Lord Kintail, or Mackenzie of Kintail, was the hereditary title of the Mackenzie Clan Chief. Kenneth was the first chief, or laird, to be created Lord Kintail, Kenneth Mackenzie of Kintail, in the Scottish peerage, by King James VI (the I of England) in 1609; and in 1623 his son Colin was created the Earl of Seaforth and Viscount Fortrose.
The present Mackenzie Clan Chief is now the Earl of Cromartie. The Mackenzie line is traced from the Norman Sir Other FitzOthoere, who arrived in England in 1066 and through his descendant Gerald FitzGerald, I Baron of Kintail created by King Alexander III in 1266. Gerald's son was Kenneth and his son, also Kenneth, was called Mack Kenneth, which was softened into the Gaelic Mackenzie. Ancient feudal loyalties meant that the next lower rank of barons, baronets and knights were expected to maintain a vassal power base in their own right, to be able to produce political support, armed men, food or weapons, or anything else a chief might want.
Near Strathpeffer and the current Clan Chief is Coul House in the village of Contin. This was the home of the Baronets of Coul and it is now a hotel. There is a painting at Coul House recording a visit by Queen Victoria. She was the British monarch who assented, in 1867, to the British North America Act, which created the Dominion of Canada. Canadians celebrate her birthday, much to the surprise of the British who attach no importance to the 1867 events. Coul House is shown here. Ancient feudal loyalties meant that the next lower rank of barons and knights maintained a vassal power base in their own right, to support, armed men for their chiefs. Near Strathpeffer and the current Clan Chief is Coul House in the village of Contin. This was the home of the Baronets of Coul now a hotel. The photograph in the foreword is a painting at Coul House of Queen Victoria's visit. In 1867, she assented, to the British North America Act, which created the Dominion of Canada. Canadians celebrate her birthday, much to the surprise of the British who attach no particular importance to the 1867 events. Coul House is shown below.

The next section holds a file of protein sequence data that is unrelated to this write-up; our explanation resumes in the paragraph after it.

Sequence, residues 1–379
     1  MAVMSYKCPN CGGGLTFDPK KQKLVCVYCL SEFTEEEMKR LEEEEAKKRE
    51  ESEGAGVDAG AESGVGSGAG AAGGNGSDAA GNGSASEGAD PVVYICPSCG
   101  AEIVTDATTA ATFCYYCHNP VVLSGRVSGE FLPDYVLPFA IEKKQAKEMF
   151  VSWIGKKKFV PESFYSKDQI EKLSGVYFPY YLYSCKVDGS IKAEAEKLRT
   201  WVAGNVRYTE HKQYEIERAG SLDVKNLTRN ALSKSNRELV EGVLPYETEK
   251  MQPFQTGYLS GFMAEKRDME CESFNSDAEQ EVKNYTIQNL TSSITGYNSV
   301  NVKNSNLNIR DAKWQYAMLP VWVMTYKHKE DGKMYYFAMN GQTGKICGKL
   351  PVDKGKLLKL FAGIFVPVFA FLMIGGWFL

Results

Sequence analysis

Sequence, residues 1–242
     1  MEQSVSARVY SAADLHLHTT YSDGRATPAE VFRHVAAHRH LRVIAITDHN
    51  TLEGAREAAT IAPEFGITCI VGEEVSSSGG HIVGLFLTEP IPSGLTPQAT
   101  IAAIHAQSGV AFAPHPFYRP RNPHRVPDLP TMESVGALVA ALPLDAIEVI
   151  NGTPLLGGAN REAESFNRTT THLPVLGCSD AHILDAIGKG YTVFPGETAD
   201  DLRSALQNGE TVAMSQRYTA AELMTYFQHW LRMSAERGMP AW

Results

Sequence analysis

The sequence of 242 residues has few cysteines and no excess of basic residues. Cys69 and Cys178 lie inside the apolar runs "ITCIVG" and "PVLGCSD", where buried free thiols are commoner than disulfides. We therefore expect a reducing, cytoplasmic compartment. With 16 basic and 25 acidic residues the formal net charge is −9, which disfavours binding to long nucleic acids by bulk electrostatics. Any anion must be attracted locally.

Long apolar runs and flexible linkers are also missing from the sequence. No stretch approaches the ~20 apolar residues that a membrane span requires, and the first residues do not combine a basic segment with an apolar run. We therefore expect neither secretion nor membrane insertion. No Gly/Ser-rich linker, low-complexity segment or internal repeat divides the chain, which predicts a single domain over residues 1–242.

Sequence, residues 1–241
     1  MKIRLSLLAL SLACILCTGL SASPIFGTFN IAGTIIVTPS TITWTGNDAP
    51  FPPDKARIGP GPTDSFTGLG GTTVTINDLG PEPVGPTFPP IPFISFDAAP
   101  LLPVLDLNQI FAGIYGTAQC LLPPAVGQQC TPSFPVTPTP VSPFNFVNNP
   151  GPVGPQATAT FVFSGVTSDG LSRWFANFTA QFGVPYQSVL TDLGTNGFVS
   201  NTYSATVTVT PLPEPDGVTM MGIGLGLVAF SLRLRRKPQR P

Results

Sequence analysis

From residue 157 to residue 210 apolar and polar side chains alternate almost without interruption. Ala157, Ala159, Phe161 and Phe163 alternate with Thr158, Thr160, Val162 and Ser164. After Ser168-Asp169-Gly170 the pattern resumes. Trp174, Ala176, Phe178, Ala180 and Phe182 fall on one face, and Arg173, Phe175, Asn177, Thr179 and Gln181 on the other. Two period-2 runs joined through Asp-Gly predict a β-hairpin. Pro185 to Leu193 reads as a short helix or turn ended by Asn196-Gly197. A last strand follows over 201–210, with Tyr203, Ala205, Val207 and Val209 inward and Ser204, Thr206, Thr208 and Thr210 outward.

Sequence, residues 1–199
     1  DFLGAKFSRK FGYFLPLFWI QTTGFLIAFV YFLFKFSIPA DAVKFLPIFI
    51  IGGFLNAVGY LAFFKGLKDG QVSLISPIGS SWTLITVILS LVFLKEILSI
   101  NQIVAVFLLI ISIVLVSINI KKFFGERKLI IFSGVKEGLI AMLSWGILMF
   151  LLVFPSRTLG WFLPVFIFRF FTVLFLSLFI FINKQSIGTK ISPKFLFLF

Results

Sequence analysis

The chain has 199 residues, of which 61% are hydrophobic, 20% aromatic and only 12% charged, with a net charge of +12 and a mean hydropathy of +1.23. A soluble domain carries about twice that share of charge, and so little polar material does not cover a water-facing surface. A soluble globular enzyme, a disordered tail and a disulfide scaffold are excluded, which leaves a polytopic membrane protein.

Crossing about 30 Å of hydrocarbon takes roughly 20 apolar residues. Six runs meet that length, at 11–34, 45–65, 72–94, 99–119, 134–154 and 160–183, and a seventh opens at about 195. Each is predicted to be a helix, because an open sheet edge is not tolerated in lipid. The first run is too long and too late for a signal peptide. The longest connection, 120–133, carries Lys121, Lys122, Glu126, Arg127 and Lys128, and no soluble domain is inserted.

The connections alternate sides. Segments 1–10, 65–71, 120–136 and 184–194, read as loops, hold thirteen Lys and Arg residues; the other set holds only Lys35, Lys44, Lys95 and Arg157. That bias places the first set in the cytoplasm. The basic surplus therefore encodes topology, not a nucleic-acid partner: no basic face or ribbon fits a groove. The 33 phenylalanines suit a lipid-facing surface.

Sir Other FitzOthoere was a grandson of the Duke of Tuscany and an early supporter of Edward The Confessor. His descendants first helped conquer Wales and then Ireland and finally Gerald FitzGerald brought his followers to Scotland and was granted the Barony of Kintail in 1266. Gerald's grandson changed his name to the Gaelic of Mackenzie. Their historical high-point of power was 1700. The Mackenzie Earldom of Seaforth was first forfeited when the second earl led 3,000 men into the pro-Jacobite 1715 Rising, the earldom was returned and then forfeited again (they had trouble getting this right)! In c1695 the pretender, King James II, created Kenneth Mackenzie, Marquess of Seaforth. The earldom of Cromartie survived Culloden and that earl is now Clan Chief. The earls of Ross were cousins. The Mackenzies lost power in the Scottish struggle for independence from England, dating from the Norman Conquest. A Mackenzie discovered an overland route to both the Arctic Ocean, and then also the Pacific Ocean in 1793. Three Mackenzies were Canadian Prime Ministers, and a fourth an Australian State Premier. Our Canadian family derives from a middle class son who emigrated from the Scottish Highlands. Some five Mackenzie generations helped to settle, defend, develop Canada, and truncate the English establishment mentality.
FAMILY COATS OF ARMS
Our immediate Canadian luminaries were my Granny's family the Moores. Frank Moore was a New York State Lieutenant Governor, in the 1940s. The Moores are indeed an illustrious family, with many notable figures in British history. They include Sir Thomas More Lord Chancellor for King Henry VIII and General Sir John Moor who was killed fighting the French at Corunna, Spain. Sir Henry Moore was Governor of New York in 1766 and James Moore was Governor of South Carolina (c1707-1719) and dealt with the Indians, French and Spanish; as well as truculent settlers.
Through Eliza Jane Wilson, who married Henry Philip Moore and helped populate the British colony of Upper Canada, an additional set of historical pioneer stock became available. My uncle Murray married Mildred Armstrong. The first Armstrong was given that name for demonstrating a strong-arm! (The ancient Armstrongs were reivers - or border raiders - in Southwest Scotland prior to Culloden.) The Armstrongs also gave Canada many pioneer settlers and my cousins Mary Helen and Janet grew up in new Armstrong territory in Oakville Ontario, Canada - besides Colombia. It was this Armstrong connection, which enabled my father to buy land beside his brother Murray after WWII. My father's family grew up in Oakville and I consider Oakville home.
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